You’ve read part 1 and part 2 of The Bubble’s preview of the 2013 Torneo Inicial already, haven’t you? Yes you have, you clever little reade— sorry. I’ve clearly been spending too much time with my girlfriend’s dog. Anyway, it kicks off this evening! The 2013 Torneo Inicial. Not my girlfriend’s dog. So here, a day or two later than promised, is part 3, in which I run the rule over the sides who finished 12th-20th in the Torneo Final, as well as the three promoted sides. (NOTICE FOR SEO TRAWLERS AND TOURISTS: INCLUDES BOCA JUNIORS!!!! Is that subtle enough, editors?)

If you’d like an audio introduction to this term in the Primera, you can check out the Hand Of Pod Torneo Inicial preview episode. And don’t forget, to keep right up to the minute, and get links to free and entirely legal (no, seriously. Legal. The Argentine government apparently haven’t heard of the concept of geoblocking) streams of Primera games, you can follow me on Twitter.

Now, enjoy the rundown!

Club Atlético Tigre (blue with red central band)

Final 2013 finish?

Thirteenth, a point behind relegated Independiente.

Who, when, where?

Founded in 1902 by a chap called José Dellagiovanna in Tigre—the lovely little delta town you probably visited during your first couple of weeks in Buenos Aires, up in the north of Greater BA. Who he was or precisely why he founded the club has been lost to the mists of time (hey, it’s 3am as I type this and the first three pages of Google leave me none the wiser, okay?), but he was one of their early players as well as the club’s first president, and their stadium today (which is actually in the neighbouring town of Victoria, within the overall Municipality of Tigre) is named after him.

Squad changes?

They’ve been decimated. Club captain Martín Galmarini has gone to Mexico, defenders Alejandro Donatti and Lucas Orban have both left, as has wunderkind forward Rubén Botta. The majority of the new arrivals are somewhat underwhelming.

How will they do?

They really need a good season, or they’ll be in a lot of trouble for relegation next season (2014-15). They have a good enough manager and some decent enough players to perhaps spring a surprise, but I think they’ll climb a couple of places at absolute best by the end of the Inicial.

Support them if you like:

River Plate or Boca Juniors. If you believe the chants of opposing clubs’ fans, at any rate; supposedly Tigre are only a ‘second club’ for fans of the two giants to go and see if they live nearby.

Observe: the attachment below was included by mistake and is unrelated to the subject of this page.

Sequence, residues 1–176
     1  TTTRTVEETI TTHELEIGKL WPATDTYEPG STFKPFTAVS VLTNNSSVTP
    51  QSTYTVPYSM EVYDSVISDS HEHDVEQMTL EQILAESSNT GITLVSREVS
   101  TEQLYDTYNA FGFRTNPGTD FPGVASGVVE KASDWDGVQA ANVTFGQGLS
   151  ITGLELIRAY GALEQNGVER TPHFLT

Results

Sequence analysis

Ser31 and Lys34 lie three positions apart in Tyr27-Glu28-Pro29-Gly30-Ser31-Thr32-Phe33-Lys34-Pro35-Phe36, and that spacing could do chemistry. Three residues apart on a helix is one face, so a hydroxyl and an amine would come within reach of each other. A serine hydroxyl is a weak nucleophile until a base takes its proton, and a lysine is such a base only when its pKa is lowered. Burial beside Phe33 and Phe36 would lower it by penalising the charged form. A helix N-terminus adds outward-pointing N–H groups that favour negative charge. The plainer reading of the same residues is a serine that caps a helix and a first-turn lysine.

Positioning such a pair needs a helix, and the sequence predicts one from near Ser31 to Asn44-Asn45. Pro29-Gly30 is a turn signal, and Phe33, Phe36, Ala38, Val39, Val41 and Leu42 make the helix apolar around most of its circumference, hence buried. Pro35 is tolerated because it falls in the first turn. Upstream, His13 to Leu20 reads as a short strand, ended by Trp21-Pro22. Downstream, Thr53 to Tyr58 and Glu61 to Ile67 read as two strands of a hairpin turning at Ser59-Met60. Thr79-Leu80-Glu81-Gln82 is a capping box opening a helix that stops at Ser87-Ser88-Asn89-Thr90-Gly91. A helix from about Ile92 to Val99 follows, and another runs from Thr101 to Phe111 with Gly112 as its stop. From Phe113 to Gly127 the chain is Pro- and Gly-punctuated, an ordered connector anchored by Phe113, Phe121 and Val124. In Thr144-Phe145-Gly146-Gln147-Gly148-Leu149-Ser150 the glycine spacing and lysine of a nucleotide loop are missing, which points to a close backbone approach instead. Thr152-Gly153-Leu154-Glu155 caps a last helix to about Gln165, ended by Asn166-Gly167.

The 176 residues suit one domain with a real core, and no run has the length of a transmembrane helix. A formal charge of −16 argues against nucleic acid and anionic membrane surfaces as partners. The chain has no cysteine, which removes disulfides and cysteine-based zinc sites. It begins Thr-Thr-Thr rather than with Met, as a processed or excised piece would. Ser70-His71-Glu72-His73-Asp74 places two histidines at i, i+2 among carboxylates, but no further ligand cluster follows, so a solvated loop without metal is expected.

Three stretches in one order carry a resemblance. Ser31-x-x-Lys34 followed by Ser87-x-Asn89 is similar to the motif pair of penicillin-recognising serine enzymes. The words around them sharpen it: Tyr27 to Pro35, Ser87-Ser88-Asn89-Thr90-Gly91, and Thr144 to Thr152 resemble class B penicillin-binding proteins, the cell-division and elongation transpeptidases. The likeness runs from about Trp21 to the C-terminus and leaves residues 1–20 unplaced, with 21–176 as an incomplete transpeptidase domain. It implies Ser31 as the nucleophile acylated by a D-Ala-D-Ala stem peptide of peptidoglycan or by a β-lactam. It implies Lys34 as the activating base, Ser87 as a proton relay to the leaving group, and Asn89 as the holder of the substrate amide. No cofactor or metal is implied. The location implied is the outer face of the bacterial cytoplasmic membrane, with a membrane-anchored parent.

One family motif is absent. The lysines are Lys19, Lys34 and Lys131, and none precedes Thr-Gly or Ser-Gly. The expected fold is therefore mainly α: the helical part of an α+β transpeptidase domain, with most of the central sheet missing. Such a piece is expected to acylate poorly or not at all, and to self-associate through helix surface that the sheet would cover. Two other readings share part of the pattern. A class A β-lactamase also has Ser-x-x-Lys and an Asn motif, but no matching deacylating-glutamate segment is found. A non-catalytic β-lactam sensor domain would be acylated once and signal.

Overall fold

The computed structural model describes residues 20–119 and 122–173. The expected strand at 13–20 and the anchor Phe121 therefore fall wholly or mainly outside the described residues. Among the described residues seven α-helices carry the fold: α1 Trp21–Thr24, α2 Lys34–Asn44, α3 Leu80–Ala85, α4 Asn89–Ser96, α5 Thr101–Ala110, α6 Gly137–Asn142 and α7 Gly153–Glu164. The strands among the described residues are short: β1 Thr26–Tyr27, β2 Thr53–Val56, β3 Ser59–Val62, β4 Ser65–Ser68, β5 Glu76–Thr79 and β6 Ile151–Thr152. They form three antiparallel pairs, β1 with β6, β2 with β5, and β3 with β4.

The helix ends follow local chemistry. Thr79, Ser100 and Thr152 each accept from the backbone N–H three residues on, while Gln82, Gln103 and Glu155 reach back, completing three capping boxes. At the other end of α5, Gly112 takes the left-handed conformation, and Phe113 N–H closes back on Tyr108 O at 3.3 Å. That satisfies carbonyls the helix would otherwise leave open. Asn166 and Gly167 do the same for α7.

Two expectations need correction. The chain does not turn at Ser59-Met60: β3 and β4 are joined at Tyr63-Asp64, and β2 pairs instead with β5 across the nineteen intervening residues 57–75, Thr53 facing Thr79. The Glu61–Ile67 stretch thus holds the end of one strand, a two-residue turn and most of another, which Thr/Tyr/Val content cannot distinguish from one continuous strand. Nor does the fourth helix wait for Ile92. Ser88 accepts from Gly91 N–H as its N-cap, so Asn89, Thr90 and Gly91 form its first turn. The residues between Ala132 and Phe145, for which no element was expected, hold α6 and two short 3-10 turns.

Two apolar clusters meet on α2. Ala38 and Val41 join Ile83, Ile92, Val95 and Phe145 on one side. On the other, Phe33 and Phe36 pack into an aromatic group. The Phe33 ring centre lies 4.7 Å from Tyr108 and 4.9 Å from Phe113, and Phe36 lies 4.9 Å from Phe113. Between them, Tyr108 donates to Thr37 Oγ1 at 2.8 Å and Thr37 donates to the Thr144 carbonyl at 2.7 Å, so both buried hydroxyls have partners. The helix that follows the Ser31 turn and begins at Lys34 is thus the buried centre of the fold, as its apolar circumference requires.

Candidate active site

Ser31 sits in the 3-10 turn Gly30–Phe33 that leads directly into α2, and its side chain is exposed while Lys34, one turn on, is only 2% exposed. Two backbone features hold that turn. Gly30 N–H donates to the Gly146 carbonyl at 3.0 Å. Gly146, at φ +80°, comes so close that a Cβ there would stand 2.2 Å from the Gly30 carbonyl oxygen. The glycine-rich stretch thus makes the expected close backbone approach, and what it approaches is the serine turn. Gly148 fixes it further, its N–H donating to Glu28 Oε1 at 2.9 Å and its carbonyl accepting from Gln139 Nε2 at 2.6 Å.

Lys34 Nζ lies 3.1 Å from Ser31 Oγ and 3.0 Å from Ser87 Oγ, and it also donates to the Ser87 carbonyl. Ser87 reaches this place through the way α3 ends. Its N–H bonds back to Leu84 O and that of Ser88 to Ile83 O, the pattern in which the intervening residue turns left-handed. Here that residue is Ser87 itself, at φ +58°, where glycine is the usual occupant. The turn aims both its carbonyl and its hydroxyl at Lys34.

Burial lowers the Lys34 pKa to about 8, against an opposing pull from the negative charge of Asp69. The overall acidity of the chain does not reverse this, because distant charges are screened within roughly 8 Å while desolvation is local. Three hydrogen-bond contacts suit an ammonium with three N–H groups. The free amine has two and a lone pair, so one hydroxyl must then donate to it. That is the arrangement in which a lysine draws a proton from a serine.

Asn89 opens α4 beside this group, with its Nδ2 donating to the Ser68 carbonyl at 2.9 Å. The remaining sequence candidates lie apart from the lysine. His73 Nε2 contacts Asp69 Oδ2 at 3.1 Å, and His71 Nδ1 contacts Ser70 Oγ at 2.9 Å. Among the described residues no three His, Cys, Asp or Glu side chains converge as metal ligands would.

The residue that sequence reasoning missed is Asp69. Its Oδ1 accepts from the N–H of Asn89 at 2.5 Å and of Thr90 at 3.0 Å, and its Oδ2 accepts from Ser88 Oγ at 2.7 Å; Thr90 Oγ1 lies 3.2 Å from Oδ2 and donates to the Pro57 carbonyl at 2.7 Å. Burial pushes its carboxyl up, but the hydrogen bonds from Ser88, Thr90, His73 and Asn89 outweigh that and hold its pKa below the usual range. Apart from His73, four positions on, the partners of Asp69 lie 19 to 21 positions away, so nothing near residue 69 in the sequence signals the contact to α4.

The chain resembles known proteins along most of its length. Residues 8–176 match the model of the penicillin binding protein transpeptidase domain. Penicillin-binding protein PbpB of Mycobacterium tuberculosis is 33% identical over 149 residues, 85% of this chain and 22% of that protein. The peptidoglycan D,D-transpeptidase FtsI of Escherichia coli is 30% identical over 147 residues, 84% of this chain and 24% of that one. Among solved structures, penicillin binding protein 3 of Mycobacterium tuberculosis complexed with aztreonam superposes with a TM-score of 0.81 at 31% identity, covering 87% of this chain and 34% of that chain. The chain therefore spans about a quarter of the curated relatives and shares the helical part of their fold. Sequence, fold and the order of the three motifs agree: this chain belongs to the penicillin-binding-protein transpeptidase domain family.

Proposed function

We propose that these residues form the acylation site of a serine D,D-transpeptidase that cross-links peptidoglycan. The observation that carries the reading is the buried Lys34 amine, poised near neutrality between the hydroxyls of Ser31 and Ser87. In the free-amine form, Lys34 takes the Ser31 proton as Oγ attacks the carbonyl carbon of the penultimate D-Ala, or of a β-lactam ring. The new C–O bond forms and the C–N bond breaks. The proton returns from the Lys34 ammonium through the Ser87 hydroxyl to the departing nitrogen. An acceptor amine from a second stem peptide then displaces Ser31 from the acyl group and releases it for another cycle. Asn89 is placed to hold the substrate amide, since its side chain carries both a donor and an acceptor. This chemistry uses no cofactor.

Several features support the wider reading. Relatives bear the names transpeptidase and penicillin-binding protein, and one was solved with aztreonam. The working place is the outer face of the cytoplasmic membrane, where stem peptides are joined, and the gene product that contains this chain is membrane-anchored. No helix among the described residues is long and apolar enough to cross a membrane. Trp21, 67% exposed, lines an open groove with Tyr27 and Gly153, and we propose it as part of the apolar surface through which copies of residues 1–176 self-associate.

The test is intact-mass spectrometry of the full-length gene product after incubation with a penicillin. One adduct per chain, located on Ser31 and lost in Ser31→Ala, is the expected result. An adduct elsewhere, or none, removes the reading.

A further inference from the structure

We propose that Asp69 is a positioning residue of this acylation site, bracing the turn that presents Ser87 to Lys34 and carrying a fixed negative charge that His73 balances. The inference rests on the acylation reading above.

Club Atlético Vélez Sarsfield (white with blue ‘V’)

Final 2013 finish?

Fourteenth, after a campaign which (like Tigre’s, it should be said) was put to one side by the considerable distraction of the Copa Libertadores. They did beat Newell’s to win the overall season ‘championship’, though. If you wonder why I’ve used those quotation marks, here’s why.

Who, when, where?

Founded by three young men who wanted a game in Floresta, in 1910. Today they play in Liniers (just head along Avenida Rivadavia until you’re almost at the city limits and you’ll see their stadium on the right hand side) in the Estadio José Amalfitani, named after a former club president.

Squad changes?

They’ve let a bunch of players on the fringes of the first team squad go, as well as selling Facundo Ferreyra, one of the league’s best young strikers, to Ukrainian side Shakhtar Donetsk. They’ve replaced him fantastically, with Mauro Zárate (formerly of Birmingham City in England among others), who returns to his first club, but haven’t made any other signings, though one or two players are coming back from loans to other clubs.

How will they do?

Better than they did in the Torneo Final, though exactly how well depends on whether they go all out to try and win the Copa Sudamericana. I’ll go for upper mid-table, though it wouldn’t entirely surprise me if they managed a title challenge.

Support them if you like:

A club who (at least over the last couple of decades) are very well-run from youth divisions right up to the first team, and who reap the benefits in the first team. Apart from the Torneo Final this year, they’ve been arguably the most consistent team in Argentina over the last five-to-ten years.